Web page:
|UMD grads Lexi Bruno ’15 and Erin Denny ’14 hope to become the first all-women expedition to circumnavigate Lake Superior.|
They sit on the rocks on the shore of Lake Superior dressed in kayaking gear. Lexi runs her hand down the fabric of the special shirt she's wearing. “Feel how soft it is,” she says. It better be soft; she’ll be paddling in it several hours a day for 90 to 100 days.
Erin leans against a granite boulder wearing a spray skirt around her waist, over her wetsuit. “You’ve got to stretch these over the cockpit to keep water from getting in,” she explains.
UMD recent graduates, Lexi Bruno ’15 and Erin Denny ’14, think about comfort and dryness a lot. That’s because they are about to embark on the first sea kayak circumnavigation of Lake Superior that is comprised of only females.
On the afternoon of June 4, 2016, at the UMD Canal Park Boat Shed, Lexi and Erin will jump in their kayaks and begin their 1,300 mile journey around the shore of Lake Superior.
They feel prepared. They’ve got a VHF (Very High Frequency) radio that they can use to contact ships on the lake. Their satellite tracking device will allow them to communicate home, Lexi to Duluth and Erin to Chisago City. They've got plenty of safety gear, and yet there are fears.
Their greatest fear is not making it to food drops. “We’ll package up about two weeks of food at a time,” says Erin. They’ll mail some food ahead and pick it up at post offices as they stop for supplies. “We’ll have peanut butter, lots of peanut butter,” laughs Lexi.
Both women pause. “There aren’t a lot of towns we can stop at on the Canadian side,” says Erin. It’s the most remote part of the trip. “We’re working on a plan for that.”
Tough? We'll Show You Tough
The goal is to be hard-core rugged. They’ll sleep in a tent every night, pouring rain or not.
“We’re going to get smelly and gross. My hair is going to get stringy and matt up, and I can’t wait,” said Erin. Lexi points to her soft yellow shirt. “There’s going to be dirt ground into our clothes,” she says, and they both throw back their heads and laugh.
The trip will be a stretch for both women. As undergrads, the two worked together as sea kayak guides with UMD's Kayak and Canoe Institute. “The longest we’ve been in a kayak was 12 days,” says Lexi. That was co-leading an Apostle Islands trip.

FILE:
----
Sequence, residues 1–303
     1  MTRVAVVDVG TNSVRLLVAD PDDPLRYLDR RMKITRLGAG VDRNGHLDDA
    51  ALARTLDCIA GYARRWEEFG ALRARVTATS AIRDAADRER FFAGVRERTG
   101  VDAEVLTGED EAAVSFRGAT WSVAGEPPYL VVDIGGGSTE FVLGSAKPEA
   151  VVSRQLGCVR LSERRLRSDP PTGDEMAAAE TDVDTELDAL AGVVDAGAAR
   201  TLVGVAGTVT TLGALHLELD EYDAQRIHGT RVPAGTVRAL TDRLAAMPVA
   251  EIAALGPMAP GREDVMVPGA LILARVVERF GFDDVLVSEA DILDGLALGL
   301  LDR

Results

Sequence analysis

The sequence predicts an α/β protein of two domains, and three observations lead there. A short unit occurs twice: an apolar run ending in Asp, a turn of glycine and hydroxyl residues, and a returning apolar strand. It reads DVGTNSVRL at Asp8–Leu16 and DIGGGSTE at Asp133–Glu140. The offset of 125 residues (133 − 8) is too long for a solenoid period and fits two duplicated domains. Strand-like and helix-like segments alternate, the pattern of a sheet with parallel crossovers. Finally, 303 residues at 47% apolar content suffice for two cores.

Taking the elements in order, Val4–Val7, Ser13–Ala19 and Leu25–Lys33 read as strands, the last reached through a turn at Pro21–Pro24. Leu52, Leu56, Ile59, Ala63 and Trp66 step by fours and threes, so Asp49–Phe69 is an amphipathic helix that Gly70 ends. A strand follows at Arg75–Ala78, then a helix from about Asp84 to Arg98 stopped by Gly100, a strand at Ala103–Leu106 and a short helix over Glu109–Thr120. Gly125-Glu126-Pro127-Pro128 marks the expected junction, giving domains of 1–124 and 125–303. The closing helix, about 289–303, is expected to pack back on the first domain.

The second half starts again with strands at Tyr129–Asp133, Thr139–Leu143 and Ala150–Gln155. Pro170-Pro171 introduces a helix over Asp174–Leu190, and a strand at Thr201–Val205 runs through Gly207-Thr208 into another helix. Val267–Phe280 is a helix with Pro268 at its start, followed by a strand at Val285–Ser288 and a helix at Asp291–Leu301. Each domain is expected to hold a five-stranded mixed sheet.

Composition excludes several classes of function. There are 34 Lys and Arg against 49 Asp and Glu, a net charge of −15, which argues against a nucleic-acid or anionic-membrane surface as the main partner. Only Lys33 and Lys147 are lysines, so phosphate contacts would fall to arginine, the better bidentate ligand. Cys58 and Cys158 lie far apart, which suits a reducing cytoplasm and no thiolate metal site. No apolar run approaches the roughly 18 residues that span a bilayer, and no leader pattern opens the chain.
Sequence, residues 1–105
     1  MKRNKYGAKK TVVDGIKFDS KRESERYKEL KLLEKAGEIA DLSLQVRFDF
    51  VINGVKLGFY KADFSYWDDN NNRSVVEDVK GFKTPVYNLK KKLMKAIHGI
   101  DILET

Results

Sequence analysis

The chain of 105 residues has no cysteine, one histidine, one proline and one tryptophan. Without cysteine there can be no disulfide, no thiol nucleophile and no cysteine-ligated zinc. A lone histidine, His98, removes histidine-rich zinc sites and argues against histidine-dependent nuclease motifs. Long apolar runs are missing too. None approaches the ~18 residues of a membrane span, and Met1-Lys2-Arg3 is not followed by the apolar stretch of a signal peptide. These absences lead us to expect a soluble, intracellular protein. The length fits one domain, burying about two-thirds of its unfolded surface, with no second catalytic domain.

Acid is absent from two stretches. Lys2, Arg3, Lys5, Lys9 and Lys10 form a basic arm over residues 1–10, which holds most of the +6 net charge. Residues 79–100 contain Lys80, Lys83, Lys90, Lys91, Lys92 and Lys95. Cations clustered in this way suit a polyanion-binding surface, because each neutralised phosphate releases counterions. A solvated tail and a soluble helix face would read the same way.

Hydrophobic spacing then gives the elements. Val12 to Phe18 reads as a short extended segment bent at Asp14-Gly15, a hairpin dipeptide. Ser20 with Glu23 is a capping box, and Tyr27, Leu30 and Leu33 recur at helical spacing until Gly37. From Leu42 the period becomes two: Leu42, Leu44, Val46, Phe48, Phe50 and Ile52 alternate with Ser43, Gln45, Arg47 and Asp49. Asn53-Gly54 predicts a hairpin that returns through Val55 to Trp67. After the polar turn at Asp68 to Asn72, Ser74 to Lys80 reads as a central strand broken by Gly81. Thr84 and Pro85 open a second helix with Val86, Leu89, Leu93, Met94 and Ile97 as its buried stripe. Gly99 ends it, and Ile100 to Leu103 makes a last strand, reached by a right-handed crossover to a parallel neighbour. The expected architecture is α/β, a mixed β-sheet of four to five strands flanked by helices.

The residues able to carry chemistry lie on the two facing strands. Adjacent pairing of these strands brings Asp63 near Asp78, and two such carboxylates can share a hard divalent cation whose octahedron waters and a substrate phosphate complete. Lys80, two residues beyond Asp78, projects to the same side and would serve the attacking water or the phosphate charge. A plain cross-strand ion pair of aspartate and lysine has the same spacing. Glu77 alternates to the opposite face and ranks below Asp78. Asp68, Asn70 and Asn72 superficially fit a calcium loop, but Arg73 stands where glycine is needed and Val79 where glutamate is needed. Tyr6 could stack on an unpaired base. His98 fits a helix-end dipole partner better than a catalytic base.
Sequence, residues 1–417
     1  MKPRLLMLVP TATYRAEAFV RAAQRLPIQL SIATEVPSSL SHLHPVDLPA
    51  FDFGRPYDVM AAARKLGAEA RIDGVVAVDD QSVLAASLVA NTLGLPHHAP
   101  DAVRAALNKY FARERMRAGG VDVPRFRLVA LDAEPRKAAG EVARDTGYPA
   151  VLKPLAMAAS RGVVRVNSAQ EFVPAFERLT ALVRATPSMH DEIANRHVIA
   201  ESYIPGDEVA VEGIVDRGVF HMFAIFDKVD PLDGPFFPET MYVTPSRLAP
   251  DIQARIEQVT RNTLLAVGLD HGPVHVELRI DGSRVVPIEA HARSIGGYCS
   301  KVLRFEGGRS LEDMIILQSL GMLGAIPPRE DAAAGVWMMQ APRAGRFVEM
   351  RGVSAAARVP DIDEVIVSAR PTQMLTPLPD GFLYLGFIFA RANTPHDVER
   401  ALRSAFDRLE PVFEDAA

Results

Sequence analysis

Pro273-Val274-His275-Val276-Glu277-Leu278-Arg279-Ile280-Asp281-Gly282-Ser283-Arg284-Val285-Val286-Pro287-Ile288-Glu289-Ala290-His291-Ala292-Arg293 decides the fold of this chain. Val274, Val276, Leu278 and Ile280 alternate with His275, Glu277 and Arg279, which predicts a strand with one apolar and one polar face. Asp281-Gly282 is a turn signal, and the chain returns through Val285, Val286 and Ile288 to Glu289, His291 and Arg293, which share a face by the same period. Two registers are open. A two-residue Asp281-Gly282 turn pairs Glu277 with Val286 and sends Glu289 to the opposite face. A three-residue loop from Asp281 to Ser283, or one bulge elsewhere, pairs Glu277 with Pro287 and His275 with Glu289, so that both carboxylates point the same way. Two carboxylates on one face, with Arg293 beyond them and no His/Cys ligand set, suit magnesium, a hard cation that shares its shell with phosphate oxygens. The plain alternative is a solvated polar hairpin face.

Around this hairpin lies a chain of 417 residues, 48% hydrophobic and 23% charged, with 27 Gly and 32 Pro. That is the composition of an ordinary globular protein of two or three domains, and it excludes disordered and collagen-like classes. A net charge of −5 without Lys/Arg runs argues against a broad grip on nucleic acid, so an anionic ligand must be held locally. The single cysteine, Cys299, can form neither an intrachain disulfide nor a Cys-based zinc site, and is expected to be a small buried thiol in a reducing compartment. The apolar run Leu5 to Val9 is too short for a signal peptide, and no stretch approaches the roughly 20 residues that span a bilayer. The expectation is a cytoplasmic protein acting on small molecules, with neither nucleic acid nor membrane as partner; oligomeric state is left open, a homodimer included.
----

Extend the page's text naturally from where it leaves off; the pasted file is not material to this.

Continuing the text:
“When it was over, we knew we had to do it again,” says Erin. “We bonded. We decided we wanted to see all of Lake Superior, together.”
Inspiring Women to Adventure in the Outdoors
The “mission,” as Erin says, is to “shed light on women as outdoor education professionals.” The field is now dominated by men, but women like Erin and Lexi are working to change the ratio.
Lexi and Erin credit five UMD educators, Randy Carlson, Tim Bates, Danny Frank, Ken Gilbertson, and Pat Kohlin, with inspiring them to take the Lake Superior trip. Lexi tells a story about the confidence Pat and Randy had in her leadership abilities. “They wanted me to be one of the leaders on a kayak trip in the Apostle Islands, even though I only had taken one kayak class... and that was in the UMD pool.”
“That’s why we decided to leave from the UMD boat shed at Canal Park,” said Lexi. “UMD is where it all started for us.”
The Quiet of the Wild
Erin says she's looking forward to unplugging for 90 days. “I’m excited to see all of the natural world of Lake Superior — the birds, the trees, the water, the rocks," Lexi says. “I can’t wait to get away from the constant go, go, go.”
After the trip, Lexi plans to move to Grand Marais to work in nature-based preschool. Erin wants to work as a naturalist but she isn’t sure where. “That’s what I want to figure out on the trip. I know it will be doing something with outdoor environmental education."
|Slip-resistant soles on their paddle shoes will help them enter and exit their kayaks.||The compass on the front of one kayak will help the them navigate the uneven shoreline.|
About the Environmental & Outdoor Education Major
By Cheryl Reitan, May 2016.
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